“The market adopts a different way to recognise and read those characters,” said a Hong Kong-based renminbi transaction banking expert to Asiamoney PLUS. “There is the Chinese Commercial Code, but it comes in many different versions and other banks on the receiving could use a slightly different version.”

The Chinese Commercial Code (CCC) – also called the Chinese Telegraph Code (CTC) – is a four-digit decimal code for electronically telegraphed messages written in Chinese characters. A codebook is provided for encoding and decoding these numbers.

Because of this, renminbi-transactions have a relatively high reject rate when compared with other currencies. And while the goal is to have as much Straight Through Processing (STP) as possible, Swift notes that it is not yet possible for payments denominated in the Chinese currency.

As a result, a lot of manual intervention is required, which increases operational risk.

“We are trying to work with our renminbi banks in the Mainland to try to get the Chinese companies to register both the Chinese and English name if possible,” said Swift’s O’Connor. “As payments to more medium and small sized corporates in the Mainland start to happen, this is where a lot of the challenge will be.”

“There needs to be an intermediary there that can translate and the translation is not always perfect,” she added. “When that happens, it falls into something that is called the ‘repair queue’ at the banks and the banks would have to manually intervene.”

In situations like these, corporates are advised by their bankers to liaise closely with their Chinese counterpart in order to ensure that the information provided is accurate.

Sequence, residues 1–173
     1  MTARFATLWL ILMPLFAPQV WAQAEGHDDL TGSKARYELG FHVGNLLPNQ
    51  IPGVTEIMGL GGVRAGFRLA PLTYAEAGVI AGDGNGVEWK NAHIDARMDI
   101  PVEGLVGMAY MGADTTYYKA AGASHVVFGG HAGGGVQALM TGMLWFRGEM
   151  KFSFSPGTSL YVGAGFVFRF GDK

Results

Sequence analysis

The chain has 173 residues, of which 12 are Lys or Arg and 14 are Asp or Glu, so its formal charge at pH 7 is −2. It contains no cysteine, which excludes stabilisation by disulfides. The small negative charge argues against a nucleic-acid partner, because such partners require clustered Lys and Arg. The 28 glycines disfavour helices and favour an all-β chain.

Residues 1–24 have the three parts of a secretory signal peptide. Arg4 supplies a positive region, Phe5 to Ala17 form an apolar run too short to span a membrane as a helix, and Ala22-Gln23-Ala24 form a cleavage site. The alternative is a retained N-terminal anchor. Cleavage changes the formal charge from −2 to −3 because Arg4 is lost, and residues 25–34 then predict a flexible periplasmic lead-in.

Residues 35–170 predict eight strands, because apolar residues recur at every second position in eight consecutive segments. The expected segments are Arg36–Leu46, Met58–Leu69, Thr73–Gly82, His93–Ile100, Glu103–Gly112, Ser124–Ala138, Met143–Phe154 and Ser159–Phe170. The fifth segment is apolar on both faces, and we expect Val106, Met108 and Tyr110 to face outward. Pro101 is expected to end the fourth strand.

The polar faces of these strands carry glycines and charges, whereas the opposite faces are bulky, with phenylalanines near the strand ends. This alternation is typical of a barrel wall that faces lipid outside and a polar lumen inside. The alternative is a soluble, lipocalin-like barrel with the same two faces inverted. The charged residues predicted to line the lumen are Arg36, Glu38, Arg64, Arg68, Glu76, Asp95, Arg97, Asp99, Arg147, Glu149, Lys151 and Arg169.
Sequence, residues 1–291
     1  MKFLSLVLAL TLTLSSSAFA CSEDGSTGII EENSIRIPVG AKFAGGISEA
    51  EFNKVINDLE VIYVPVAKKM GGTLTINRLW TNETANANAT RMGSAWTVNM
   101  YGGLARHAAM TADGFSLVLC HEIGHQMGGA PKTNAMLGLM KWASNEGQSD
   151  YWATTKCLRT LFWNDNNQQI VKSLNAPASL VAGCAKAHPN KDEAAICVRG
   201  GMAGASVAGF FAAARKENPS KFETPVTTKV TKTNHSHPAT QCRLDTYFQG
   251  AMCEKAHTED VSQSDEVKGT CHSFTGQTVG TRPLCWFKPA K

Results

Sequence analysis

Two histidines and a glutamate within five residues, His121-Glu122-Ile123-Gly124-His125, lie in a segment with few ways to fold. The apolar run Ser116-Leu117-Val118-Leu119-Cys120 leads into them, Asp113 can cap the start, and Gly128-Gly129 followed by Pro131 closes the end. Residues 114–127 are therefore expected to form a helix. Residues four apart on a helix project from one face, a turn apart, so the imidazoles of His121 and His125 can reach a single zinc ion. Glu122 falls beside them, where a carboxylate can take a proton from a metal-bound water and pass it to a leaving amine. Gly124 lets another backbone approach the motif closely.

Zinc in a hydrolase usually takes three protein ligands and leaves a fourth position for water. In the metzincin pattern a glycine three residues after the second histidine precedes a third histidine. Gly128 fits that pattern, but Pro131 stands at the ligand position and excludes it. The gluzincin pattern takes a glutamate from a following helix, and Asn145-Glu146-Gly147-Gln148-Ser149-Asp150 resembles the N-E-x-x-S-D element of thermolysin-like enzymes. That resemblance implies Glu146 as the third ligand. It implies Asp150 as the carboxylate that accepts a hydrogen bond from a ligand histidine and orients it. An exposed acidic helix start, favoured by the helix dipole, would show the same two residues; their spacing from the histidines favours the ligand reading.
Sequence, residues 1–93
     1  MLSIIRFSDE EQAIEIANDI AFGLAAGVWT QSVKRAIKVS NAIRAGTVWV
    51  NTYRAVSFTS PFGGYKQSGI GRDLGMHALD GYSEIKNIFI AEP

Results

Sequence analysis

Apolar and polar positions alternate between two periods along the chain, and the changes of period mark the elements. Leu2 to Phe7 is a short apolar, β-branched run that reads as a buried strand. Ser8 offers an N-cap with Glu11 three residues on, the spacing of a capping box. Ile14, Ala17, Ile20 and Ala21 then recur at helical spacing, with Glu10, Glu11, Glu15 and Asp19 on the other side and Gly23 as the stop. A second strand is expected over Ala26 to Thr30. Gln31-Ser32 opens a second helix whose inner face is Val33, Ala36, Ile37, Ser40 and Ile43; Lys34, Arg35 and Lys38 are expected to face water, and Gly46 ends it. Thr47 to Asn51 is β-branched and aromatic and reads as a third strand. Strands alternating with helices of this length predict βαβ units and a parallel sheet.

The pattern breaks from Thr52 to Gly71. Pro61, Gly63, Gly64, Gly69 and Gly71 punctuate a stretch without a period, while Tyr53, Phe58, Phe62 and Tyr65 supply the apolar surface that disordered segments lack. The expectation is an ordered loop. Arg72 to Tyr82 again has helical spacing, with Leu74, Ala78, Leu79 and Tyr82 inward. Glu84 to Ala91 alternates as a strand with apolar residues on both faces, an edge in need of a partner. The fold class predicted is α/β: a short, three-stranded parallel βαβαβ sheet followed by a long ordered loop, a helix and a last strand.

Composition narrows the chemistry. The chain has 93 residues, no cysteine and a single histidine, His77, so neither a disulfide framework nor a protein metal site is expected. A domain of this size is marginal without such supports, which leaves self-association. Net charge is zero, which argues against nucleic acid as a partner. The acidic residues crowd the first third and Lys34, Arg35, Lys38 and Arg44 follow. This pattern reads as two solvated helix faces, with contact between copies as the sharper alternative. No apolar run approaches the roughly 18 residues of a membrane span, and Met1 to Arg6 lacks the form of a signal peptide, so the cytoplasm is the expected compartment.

“It is important to ask for the CNAPS bank code because the corporate may not be aware that they need to get this information. Once that is done, the scenario of rejection can be avoided to a certain extent,” said StanChart’s Au.

Additionally, industry experts are closely working together with Chinese regulators to address these issues. One of the solutions around this is to help the Mainland launch its widely-anticipated China International Payments Solution (CIPS) in 2014.

While experts note that it is far too premature to be fully confident in CIPS as there are just too many unknown factors, the system will supposedly be more efficient and stable than the current platform.

“The CNAPS platform is originally defined as a domestic platform is not supposed to be used for international renminbi payments,” said a transaction banker. “The CIPS will use a structured code, where it will help the system recognise the information in a more effective manner and at the same time, they will be able to have a more structured mechanism to indentify the banks in the system.”

During the last nine months (July 2012 – April 2013), 16 more countries used the renminbi for more than 10% of their payments with China and Hong Kong. The growth has brought the total to 47 countries worldwide, according to Swift’s RMB Tracker.

  • 20 Jun 2013